Some children's face paints are laced with undisclosed heavy metals that are known to be both acutely poisonous and to cause long-term health problems, ranging from skin sensitivity and brain damage.
The testing, by the Campaign for Safe Cosmetics, a coalition of health and environmental groups, found that many face paints -- including those used in Halloween costume makeup -- often contain lead, nickel, cobalt and chromium. None of those ingredients, however, were listed on product packaging.
The testing was limited to 10 Halloween face paint products bought at a seasonal store, but disturbing enough: All 10 costume makeups contained detectable amounts of lead, which is such a well-known pollutant that the federal government has banned or severely restricted its use in gasoline, paint and -- most recently -- toys. Exposure to lead is known to cause permanent brain damage, particularly if children are exposed in the womb or during the first six years of life, and can lead to a lifetime of problems ranging from learning disabilities to violent tendencies.
Six of the 10 Halloween face paints tested had nickel, cobalt and/or chromium, all of which exceeded voluntary industry safety guidelines, and all of which could cause allergic reactions in some people, according to the Campaign fro Safe Cosmetics.
At least one Halloween costume makeup labeled "non-toxic" and "hypoallergenic" -- Snazaroo Face Paint -- contained some of the highest levels of lead, nickel and cobalt detected by the Campaign for Safe Cosmetics' study.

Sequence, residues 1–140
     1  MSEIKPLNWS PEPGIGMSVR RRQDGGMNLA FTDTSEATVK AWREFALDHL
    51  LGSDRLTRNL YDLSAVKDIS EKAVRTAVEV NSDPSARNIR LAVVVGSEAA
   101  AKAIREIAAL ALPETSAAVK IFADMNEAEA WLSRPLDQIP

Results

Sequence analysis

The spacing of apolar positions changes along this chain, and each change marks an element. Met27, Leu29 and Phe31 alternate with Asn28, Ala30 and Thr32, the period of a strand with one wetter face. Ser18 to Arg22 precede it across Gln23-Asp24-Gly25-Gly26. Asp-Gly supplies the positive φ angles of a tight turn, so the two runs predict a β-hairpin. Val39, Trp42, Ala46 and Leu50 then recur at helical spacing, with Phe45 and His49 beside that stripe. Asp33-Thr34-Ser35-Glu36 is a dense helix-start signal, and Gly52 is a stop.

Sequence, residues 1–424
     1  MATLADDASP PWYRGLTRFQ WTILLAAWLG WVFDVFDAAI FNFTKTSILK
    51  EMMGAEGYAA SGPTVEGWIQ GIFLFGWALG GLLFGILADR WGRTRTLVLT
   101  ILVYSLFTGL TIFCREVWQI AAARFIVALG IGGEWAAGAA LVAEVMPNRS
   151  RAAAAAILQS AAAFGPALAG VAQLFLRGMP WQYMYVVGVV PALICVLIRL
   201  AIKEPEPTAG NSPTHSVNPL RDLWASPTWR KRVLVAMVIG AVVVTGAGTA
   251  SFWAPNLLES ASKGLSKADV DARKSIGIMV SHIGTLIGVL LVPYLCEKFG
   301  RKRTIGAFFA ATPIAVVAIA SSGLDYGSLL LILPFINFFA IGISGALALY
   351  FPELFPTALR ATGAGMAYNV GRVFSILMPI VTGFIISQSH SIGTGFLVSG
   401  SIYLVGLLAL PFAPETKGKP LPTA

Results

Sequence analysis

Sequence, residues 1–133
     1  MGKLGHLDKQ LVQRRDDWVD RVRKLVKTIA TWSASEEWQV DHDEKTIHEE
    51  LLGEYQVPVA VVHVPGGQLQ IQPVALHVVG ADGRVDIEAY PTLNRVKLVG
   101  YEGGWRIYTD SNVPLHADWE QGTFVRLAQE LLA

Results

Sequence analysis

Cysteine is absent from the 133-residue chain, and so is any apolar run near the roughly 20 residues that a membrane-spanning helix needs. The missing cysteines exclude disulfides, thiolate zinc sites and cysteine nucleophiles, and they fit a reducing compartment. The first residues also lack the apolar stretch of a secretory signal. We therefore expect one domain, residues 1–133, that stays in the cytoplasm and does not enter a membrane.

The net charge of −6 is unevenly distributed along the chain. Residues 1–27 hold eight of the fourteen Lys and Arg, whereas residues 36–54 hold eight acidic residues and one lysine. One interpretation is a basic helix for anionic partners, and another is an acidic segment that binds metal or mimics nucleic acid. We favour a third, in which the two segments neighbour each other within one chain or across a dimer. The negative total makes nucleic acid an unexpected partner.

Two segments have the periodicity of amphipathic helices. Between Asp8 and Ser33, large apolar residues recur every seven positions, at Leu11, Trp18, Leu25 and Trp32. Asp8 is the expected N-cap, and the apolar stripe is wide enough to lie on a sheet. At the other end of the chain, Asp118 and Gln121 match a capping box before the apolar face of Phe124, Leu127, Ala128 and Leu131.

The report also found many hazardous ingredients listed on the labels of Halloween hair-color sprays and make-up products, including butane (persistent, bioaccumulative and toxic), thiram (neurotoxic, possibly carcinogenic, used as a pesticide), alumina (neurotoxic), propylene glycol (possibly carcinogenic) and pigment green 7 and pigment blue 15, which are not approved by FDA for use in cosmetics.
According to the Campaign, these ingredients aren't listed on Halloween face paints because they aren't main ingredients and the Food and Drug Administration doesn't require the industry to label "contaminants." That doesn't mean they couldn't cause harm, or that parents wouldn't want to know about them before choosing costume makeup for use on their children's face.
See these 10 ways to protect your children from toxic face paint, or see the Campaign for Safe Cosmetics' DIY face paint recipes. If you feel your child has been exposed to lead, contact your healthcare provider, and make sure the child is getting a diet full of calcium, iron and Vitamin C, which can help counteract lead poisoning.
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